Almost 8,000 families and single adults in Ramsey County needed help staying in their homes or finding a place to live because they were homeless, according to a report that covers the first eight months of a program funded with federal stimulus money.
In November 2009, the federal government allocated $1.8 million in federal stimulus money to prevent homelessness in families and single adults and to quickly find housing for families and single adults who recently became homeless in Ramsey County. The funds established the Housing Crisis Response in Ramsey County. The funding runs November 2009 through October 2011.
Under the program, Catholic Charities provides help to single adults. Catholic Chaities and the YWCA collaborate to provide help to families.
The report covers November 2009 to June 30, 2010. In that time, 4,770 single adults and 3,260 families called housing crisis response numbers looking for help.
Those numbers—and significant cost savings compared to providing emergency shelter for people after they become homeless—were among the findings in a report covering the program’s first eight months.
“These numbers are staggering,” said Tracy Berglund, Catholic Charities senior director of housing and emergency services. “They put in concrete numbers how many people find themselves on the verge of homelessness every day.
“We are grateful for the federal stimulus dollars that will help people for two years. But what happens after 24 months? We won’t solve the crisis caused by lack of affordable housing simply because the calendar reads Nov. 1, 2011.”
The program created three housing crisis lines for people living in Ramsey County to call for assistance. Catholic Charities staff screened the calls and referred the callers either to the appropriate area within Catholic Charities or the YWCA or to other social services providers in Ramsey County to meet needs such as utility support.
After screening, 296 people and 229 families met the criteria to receive help through the program funded with federal stimulus dollars. Criteria for receiving assistance are outlined in the full report.
The report proves the need for broader commitment by government to help those citizens who are most vulnerable, Berglund says.
Between November 1, 2009 and June 30, 2010, the program:
• Assisted 160 people who were at imminent risk of becoming homeless
• Found permanent stable housing for 136 people who were homeless
• About 95 percent of clients remained in their homes for at least three months
• 87 percent of clients who were formerly homeless received positive feedback from their landlords
• Helped 173 families stay in their homes and avoid homelessness.
• Ninety percent of those families remained in their homes when they exited the program after six months.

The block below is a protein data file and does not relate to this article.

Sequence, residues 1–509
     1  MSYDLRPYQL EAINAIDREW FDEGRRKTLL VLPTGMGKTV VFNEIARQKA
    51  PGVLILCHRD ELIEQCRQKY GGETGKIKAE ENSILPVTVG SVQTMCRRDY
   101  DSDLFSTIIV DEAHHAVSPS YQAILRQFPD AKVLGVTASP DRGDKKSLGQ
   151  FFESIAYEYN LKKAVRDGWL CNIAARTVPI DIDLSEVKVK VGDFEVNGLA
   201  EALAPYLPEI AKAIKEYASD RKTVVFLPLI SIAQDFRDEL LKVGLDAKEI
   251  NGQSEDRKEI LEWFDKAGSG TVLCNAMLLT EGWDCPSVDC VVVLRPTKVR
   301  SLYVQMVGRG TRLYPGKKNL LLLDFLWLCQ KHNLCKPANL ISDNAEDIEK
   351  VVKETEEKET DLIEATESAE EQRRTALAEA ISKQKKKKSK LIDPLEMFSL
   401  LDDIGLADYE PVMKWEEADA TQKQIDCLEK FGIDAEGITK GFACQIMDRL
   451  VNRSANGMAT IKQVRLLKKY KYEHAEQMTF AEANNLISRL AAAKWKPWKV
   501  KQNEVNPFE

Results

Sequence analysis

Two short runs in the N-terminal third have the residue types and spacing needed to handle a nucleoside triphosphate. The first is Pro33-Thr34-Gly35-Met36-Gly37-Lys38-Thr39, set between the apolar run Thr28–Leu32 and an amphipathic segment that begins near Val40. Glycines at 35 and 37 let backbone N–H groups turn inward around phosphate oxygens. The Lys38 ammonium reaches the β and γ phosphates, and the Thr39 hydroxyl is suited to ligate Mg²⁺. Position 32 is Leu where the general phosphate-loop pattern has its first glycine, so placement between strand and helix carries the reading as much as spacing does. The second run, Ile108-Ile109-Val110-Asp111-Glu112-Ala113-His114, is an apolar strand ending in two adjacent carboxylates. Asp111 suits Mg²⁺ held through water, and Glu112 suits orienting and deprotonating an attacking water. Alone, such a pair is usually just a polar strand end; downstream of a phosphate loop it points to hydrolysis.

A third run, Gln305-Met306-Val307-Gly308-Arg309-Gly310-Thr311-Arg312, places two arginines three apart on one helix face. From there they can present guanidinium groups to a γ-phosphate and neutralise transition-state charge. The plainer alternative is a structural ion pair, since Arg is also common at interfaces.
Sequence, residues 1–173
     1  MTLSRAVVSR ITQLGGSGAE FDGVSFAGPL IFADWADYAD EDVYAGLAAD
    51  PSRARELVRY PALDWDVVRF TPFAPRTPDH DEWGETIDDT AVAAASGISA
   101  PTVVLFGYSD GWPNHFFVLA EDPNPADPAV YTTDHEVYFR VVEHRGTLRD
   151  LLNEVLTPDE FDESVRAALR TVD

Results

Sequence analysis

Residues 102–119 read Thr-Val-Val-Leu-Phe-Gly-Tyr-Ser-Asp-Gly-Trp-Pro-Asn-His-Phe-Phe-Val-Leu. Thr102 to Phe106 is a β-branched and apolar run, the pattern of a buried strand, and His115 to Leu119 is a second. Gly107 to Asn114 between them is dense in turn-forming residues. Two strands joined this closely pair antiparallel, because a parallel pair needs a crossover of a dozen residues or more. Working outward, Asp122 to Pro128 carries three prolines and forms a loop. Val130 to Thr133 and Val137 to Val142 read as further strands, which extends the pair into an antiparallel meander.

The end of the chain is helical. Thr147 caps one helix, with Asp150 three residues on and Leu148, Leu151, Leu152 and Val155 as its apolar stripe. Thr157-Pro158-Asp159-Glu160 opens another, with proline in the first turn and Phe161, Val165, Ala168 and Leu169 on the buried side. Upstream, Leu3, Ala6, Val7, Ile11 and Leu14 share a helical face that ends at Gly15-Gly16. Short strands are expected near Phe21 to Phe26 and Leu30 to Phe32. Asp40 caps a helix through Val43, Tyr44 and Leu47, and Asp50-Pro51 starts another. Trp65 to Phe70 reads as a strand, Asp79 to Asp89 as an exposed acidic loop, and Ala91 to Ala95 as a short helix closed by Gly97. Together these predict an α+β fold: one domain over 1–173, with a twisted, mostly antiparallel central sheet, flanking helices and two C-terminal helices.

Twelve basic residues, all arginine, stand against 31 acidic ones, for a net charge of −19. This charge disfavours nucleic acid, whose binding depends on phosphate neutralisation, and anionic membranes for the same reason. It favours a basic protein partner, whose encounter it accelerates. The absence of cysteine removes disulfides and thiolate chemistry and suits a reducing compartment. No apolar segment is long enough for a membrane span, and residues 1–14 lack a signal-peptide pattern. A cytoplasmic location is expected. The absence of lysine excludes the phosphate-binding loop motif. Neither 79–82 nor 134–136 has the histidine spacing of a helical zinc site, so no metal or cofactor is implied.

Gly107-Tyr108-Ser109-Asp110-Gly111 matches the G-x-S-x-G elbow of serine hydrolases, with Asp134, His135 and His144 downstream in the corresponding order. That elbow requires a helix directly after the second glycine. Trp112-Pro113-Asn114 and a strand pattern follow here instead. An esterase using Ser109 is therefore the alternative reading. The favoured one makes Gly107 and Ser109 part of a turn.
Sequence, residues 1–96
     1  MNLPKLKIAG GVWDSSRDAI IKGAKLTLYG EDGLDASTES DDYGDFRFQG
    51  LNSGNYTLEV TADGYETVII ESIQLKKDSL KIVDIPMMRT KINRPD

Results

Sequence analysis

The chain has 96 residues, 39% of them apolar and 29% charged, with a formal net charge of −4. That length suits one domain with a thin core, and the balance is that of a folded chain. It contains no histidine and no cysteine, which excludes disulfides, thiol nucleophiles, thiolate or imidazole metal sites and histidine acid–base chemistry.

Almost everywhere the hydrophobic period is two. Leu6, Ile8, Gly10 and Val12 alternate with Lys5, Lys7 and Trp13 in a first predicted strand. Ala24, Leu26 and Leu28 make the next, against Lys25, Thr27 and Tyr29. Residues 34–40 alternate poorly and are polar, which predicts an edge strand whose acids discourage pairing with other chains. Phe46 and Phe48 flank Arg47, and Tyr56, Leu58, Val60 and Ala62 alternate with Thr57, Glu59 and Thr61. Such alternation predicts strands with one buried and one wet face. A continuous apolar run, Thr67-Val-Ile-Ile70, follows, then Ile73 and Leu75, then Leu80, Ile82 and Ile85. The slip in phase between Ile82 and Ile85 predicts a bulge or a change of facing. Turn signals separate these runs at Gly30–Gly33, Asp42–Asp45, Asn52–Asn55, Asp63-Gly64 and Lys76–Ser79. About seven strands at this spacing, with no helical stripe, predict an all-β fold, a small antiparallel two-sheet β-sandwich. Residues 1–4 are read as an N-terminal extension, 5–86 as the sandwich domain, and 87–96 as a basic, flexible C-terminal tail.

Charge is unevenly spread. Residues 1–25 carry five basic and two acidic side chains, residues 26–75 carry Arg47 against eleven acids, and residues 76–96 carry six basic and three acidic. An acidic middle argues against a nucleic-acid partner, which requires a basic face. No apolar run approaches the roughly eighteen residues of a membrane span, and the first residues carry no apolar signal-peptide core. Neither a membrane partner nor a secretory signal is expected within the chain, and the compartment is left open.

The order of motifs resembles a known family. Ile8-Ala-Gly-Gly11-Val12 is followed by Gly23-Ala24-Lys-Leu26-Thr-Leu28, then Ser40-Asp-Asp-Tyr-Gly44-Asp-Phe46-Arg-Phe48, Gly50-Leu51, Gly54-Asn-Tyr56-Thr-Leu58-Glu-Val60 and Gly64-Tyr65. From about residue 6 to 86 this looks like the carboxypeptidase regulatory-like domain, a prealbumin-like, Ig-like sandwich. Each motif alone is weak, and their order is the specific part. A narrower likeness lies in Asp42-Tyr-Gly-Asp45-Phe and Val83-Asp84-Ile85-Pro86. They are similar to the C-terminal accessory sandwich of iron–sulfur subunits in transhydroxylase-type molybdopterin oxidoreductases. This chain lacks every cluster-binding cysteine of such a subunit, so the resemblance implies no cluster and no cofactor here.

• Helped 56 families who were homeless move into permanent homes.
• 75 percent of these families remained in their homes without any public financial assistance after six months.
• These families were placed through a collaboration with the YWCA.
The report also highlighted the cost savings of keeping people in their homes and moving them quickly from emergency shelters to permanent housing compared to providing emergency shelter when people are homelessness:
• The average assistance provided by the program for single adults was $480.
• The average cost for shelter per person per night at Catholic Charities Dorothy Day Center is $10.02; Ninety days of emergency shelter for one person at the Dorothy Day Center is about $900.
• Families who received help staying in their homes and thereby avoiding homelessness (prevention program dollars) received an average of $675 each.
• In the first eight months, 173 families received a total of $116,694.
• Emergency shelter for a family costs $47 per bed per night at the Catholic Charities Ramsey County Family Service Center, the only emergency shelter for families in the county. A 30-day stay for a family of three costs $4,230.
• The cost of providing emergency shelter for 173 families—assuming each has three members—for 30 days is $731,790.
The report also notes that more people would benefit from prevention programs if criteria were rewritten. Under the criteria established through federal guidelines, people must be at imminent risk of becoming homeless, i.e., they must have been served with a foreclosure or eviction notice. People also must not have any other options, including staying with family members, and have no other resources.
“Rather than truly avoid a crisis, families and individuals are forced to wait until they are fully involved in a crisis and on the verge of losing their homes before they can receive help,” Berglund says. “This becomes a vicious cycle and causes additional stresses on people and on the social services system.
“We’ve proven these programs save money in the long term,” she says. “It’s time to stop cutting social services that serve the poor in a short-term fix to balance the budget. It’s long past time to fix the gaping hole in the safety net.”
Copies of the full reports can be found at cctwincities.org/HPRP